Edmonton Transit Service’s cash-only fare system lags behind other cities
If you want to hop on public transit in Edmonton, you need to have cash on you. Even at LRT stations, the ticket dispensers do not accept debit or credit cards.
“It’s a little bit not convenient for people,” said Andy Qu, who works at Southgate Centre. “Most often, people just carry their debit card [or] credit card. There’s very few coins or cash in their wallet.”
Qu said people are often coming into his shop and asking him to make change for the bus.
“I work in the mall and some people take a super big bill, like a $50 [bill] or $100 [bill], and they’re just like, ‘Can you do an exchange for me? I’ll just buy a small thing.'”
Qu is a casual transit user, one of thousands that the city is hoping to convert into regular riders by making improvements to the transit system.
Edmonton is investing billions of dollars into LRT expansion and to make transit more accessible. However, in 2019, the payment methods remain inconvenient, especially for younger generations that don’t commonly carry cash.
“I really think that they’ve got to catch up in the 20th century — or is it 21st century now?” Tim Lajeunesse said.
“Most people use their phones for everything. They use the Apple Wallet.”
Other major Canadian cities are miles ahead of Edmonton when it comes to ease of payment. Ottawa introduced its smart card system, Presto, in 2013. Edmonton’s neighbours down south in Calgary have been using debit and credit cards to buy tickets at CTrain stations since 2011.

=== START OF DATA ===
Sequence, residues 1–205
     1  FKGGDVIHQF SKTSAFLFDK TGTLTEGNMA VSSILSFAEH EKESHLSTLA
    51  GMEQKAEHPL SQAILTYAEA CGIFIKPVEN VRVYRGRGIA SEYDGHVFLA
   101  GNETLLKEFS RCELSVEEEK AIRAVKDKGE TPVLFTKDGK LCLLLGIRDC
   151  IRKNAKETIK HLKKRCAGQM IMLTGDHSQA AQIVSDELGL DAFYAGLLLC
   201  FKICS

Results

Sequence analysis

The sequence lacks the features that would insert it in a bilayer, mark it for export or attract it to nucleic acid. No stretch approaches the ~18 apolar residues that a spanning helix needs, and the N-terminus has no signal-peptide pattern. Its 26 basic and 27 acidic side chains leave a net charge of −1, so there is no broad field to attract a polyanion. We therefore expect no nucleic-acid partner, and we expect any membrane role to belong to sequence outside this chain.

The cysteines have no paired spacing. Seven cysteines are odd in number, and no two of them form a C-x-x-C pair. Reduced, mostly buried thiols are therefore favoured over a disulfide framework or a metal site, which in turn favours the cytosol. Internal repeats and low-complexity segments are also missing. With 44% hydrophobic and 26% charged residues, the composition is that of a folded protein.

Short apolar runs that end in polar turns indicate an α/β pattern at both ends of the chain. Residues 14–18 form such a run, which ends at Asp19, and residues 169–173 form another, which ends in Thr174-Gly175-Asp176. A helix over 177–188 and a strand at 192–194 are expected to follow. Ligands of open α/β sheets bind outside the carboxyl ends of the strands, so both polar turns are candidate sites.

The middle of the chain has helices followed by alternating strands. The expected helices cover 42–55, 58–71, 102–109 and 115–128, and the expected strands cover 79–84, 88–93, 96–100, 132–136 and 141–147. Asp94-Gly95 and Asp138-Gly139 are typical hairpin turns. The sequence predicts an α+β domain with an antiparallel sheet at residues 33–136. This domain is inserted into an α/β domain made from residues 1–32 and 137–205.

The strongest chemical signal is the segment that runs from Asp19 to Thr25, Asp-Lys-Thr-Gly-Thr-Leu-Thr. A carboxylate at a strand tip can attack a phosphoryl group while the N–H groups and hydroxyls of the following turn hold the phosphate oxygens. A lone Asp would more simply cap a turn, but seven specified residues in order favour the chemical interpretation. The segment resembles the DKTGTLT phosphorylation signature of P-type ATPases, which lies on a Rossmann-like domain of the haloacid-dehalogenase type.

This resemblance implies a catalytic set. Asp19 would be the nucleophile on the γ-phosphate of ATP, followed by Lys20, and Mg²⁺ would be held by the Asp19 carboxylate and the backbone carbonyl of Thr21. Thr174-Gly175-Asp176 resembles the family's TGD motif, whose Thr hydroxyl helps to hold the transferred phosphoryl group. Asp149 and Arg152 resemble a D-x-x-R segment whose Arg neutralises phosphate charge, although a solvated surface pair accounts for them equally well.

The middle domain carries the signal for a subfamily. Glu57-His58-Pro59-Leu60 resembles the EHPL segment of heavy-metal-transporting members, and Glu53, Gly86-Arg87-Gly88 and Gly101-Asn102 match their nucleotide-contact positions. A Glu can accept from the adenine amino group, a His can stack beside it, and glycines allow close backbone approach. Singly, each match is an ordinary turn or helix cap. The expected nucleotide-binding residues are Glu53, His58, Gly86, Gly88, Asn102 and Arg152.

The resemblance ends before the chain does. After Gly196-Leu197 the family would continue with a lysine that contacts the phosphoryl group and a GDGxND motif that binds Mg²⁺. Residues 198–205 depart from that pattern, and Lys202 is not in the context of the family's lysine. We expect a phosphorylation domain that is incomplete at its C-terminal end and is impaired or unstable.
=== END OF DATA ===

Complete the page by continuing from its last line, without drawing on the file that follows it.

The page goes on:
An Edmonton Transit spokesperson acknowledged the problem.
“We’re well aware that this is something important that needs to be updated, so we’re actively working on implementing a smart fare electronic payment system,” Rowan Anderson said.
The smart fare system would connect Edmonton with regional transit services in St. Albert and Strathcona County.
“You have a card that you could load money onto and then you would basically tap that, if you’re getting on a bus for instance.”
But when will the smart fare become a reality? The city’s website says “as early as 2020.”
City council is scheduled to get an update on the project on Tuesday, however, it will be behind closed doors.
Councillor Michael Walters said the project has already encountered delays.
“It’s a regional project, so we’re doing it with our neighbours,” he said. “And there’s procurement issues that have led to us needing a little more time.
“It’s too bad that we’re still dealing with a cash-only situation, and I’m hopeful that within this council term we’ll have smart fare. We’re working towards it.”
This council’s term isn’t even halfway through. The next municipal election isn’t until October 2021, more than two-and-a-half years from now.
Anderson said only 13 per cent of riders pay with cash; the vast majority use bus passes or purchase tickets. Both are cheaper per ride.
In addition to the smart fare system, Anderson said other improvements are also being made to existing public transit infrastructure.
“There’s certainly some retrofitting and some upgrading that we need to do across the system, on a variety of different tools. It’s not just the payment system — it’s some of our maps, some of our lighting.”
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